Brooklyn, NY – Over A Decade Later, Mystery of Missing Williamsburg Man Solved


    Beck was on the NYPD's missing list for over 12 yearsBrooklyn, NY – After a disappearance of almost thirteen years, a well known fixture in Williamsburg has finally been located in a grave at the largest potter’s field in the United States, thanks to advanced fingerprinting technology.

    Yisroel Meir Beck was forty two years old and a Brooklyn resident at the time of his disappearance. The man, who was known to frequent batei medrashim and weddings in Williamsburg, was last seen on the morning of February 25th, 2000 on Bedford Avenue. While the Beck family has been searching extensively for the missing man since his disappearance, his whereabouts became known only recently.

    “I got a phone call from Sergeant Hill at the NYPD on January 14th who told me that new fingerprints from many years ago had just been entered into his database, identifying my brother as an unknown missing person who had been fingerprinted at the morgue in an attempt to establish his identity,” Rivka Fulda, Beck’s sister, told VIN News. “I was told they were using new technology that scans fingerprints from all different places and that fingerprints of my brother’s that were on file matched those newly entered fingerprints that had been taken at the medical examiner’s office many years ago.”

    Mrs. Fulda was told by detectives that the medical examiner’s report stated that an unknown person walked into a New York City hospital and died in the emergency room on February 29, 2000, four days after her brother was last seen.

    “He had no identification of any sort on him,” explained Mrs. Fulda. “His body was sent to the medical examiner’s office and when no one claimed the body he was sent to Hart Island.”

    All unidentified bodies in New York City are sent to Hart Island, the largest tax funded cemetery in the world, for interment after being photographed at the morgue. Located east of City Island in the Long Island Sound, burials at the 101 acre cemetery are conducted by Rikers Island inmates.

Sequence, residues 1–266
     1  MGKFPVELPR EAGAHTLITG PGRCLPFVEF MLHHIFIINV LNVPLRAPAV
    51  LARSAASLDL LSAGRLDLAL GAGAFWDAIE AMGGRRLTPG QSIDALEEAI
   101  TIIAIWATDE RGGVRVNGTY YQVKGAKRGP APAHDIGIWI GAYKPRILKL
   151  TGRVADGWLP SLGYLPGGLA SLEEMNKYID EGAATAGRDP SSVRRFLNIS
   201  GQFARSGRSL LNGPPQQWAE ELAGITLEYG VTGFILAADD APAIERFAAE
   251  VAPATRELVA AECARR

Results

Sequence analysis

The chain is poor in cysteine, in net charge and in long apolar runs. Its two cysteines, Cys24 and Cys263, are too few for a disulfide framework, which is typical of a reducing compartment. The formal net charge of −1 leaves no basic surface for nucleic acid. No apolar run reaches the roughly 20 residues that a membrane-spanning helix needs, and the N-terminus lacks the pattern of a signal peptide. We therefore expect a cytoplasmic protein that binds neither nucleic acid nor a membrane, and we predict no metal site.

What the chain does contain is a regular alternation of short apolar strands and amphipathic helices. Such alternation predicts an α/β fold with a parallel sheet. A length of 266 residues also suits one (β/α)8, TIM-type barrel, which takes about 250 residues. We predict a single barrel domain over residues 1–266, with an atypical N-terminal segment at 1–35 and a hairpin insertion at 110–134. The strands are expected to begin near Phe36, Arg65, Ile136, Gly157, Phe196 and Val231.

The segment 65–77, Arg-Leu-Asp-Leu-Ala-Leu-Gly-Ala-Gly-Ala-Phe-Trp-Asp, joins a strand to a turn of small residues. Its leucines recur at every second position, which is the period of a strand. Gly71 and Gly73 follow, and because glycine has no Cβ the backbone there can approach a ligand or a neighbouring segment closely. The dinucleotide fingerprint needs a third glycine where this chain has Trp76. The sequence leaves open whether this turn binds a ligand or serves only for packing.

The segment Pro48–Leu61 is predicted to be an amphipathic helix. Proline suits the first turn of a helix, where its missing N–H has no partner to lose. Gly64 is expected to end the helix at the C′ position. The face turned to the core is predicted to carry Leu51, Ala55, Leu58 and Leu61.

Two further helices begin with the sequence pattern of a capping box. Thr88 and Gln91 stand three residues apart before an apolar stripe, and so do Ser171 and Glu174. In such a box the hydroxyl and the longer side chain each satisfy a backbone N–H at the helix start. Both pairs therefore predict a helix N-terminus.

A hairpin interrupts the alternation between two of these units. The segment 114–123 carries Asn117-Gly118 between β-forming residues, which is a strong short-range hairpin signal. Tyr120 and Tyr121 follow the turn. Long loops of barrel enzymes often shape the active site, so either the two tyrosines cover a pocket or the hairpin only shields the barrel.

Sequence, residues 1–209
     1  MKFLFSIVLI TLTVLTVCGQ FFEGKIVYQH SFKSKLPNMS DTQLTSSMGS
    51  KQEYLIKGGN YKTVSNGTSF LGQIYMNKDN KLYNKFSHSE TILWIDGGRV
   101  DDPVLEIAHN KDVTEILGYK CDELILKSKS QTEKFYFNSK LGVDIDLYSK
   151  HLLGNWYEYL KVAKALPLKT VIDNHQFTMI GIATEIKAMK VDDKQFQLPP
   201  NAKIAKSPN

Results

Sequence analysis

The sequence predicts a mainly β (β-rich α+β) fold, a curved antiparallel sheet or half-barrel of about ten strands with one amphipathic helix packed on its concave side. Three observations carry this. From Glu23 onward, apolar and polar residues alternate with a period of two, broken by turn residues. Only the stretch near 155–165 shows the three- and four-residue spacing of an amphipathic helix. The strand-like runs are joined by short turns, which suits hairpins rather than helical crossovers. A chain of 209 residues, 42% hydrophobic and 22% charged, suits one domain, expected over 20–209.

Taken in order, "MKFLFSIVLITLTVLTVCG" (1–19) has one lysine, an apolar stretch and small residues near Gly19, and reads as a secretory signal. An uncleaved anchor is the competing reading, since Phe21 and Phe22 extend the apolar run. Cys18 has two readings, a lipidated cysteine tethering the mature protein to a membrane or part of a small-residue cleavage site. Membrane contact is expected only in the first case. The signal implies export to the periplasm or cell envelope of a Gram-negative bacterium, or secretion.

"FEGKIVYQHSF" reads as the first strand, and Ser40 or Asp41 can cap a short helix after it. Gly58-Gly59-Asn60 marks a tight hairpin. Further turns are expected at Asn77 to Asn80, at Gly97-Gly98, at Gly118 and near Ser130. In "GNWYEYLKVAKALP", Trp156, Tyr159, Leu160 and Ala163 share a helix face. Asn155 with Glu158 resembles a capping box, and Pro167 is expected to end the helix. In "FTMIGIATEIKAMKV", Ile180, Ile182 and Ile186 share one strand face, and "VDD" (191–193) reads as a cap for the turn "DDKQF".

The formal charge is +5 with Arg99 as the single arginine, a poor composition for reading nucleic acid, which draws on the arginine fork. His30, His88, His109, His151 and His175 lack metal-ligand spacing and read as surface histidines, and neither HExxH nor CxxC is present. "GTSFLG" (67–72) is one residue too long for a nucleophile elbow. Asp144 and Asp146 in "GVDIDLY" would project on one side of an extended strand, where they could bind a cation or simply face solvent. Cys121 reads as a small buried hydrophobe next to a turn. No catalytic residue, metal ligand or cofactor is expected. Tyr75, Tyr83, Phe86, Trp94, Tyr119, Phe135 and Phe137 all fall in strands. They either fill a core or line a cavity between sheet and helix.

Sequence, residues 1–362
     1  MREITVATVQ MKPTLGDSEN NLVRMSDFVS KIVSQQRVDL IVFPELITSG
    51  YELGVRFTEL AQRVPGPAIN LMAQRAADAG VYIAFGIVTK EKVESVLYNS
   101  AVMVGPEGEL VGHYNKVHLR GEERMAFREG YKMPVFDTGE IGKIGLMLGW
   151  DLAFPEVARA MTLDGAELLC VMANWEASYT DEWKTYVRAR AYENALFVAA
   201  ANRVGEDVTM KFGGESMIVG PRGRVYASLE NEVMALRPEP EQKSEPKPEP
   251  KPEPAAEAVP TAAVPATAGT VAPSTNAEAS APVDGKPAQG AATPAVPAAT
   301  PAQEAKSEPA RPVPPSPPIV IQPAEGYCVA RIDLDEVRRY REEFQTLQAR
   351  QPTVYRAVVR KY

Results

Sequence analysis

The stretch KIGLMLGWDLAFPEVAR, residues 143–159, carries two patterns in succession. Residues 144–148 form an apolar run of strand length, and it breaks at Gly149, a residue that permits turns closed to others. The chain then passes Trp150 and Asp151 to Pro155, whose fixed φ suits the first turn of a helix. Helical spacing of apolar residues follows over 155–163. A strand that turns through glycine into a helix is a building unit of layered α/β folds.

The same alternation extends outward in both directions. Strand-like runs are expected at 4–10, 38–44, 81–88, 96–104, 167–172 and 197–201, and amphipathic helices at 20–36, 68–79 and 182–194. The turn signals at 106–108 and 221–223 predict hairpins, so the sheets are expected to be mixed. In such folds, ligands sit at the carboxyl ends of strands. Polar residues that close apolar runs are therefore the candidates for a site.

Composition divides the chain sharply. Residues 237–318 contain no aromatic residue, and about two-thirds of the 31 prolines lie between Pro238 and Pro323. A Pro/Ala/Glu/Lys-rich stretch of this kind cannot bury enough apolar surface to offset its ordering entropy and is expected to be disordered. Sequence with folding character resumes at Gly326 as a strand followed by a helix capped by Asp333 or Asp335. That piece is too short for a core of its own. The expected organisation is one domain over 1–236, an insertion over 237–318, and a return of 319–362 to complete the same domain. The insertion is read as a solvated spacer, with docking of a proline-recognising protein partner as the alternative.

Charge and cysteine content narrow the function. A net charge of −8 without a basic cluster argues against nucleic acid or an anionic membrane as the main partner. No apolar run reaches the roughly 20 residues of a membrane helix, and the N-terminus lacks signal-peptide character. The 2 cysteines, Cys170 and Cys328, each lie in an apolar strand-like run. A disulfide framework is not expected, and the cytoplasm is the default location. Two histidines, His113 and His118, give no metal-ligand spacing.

“To me, finding a fingerprint match was an indication that this could be it, but I needed more,” said Mrs. Fulda. “I got a medical report a week or so ago that was very pareve. It gave height, weight and pathology and also mentioned that the body in question had been circumcised. That was important but still not conclusive.”

    Final confirmation finally came in the form of a morgue photograph, which Mrs. Fulda received in the mail last Thursday.

    “I open this envelope and there is the picture of the person who had passed away. It was definitely him,” reported Mrs. Fulda. “The next morning, I contacted some of the people he had been in touch with in Williamsburg, because I had no idea how to go about taking care of things. Chesed Shel Emes called me immediately. They are an amazing institution.”

    Chesed Shel Emes has confirmed that they are in the process of initiating the process of disinterment in order to give Beck a proper kevura, a procedure which will take extra time given the extended holiday weekend.

    “We need to get a death certificate and the proper permits,” said Mendy Rosenberg of Chesed Shel Emes. “We have already been in touch with the Corrections Department at Rikers Island which takes care of the potter’s field. As soon as we have the proper paperwork in place we can go ahead and give him the burial he deserves.”

    “I am very pleased that we at Chessed Shel Emes were able to be a part of this great deed and help bring closure for the family and give him a proper jewish burial,” added community activist and Chesed Shel Emes member Zvi Gluck.

    Mrs. Fulda told VIN News that while she continued to hope that her brother would be found safely, after such a prolonged absence with no contact she was concerned that something had happened to him.

    “We called the police, checked with hospital, posted signs everywhere, both in Brooklyn and in the Catskills,” recalled Mrs. Fulda. “We ran an extensive search and my father contacted mekubalim in Eretz Yisroel. Although it did not look hopeful, we never gave up and I was always mispallel that we should be able to bring him to kever yisroel.”

    Mrs. Fulda hopes to bury her brother, Yisroel Meir ben R’ Yitzchok Eizik somewhere near Williamsburg.

    “I would like for him to be in a place where he is accessible to the people he was close with. He was very well known in Williamsburg and I would like for people to be able to go there and daven for him,” said Mrs. Fulda.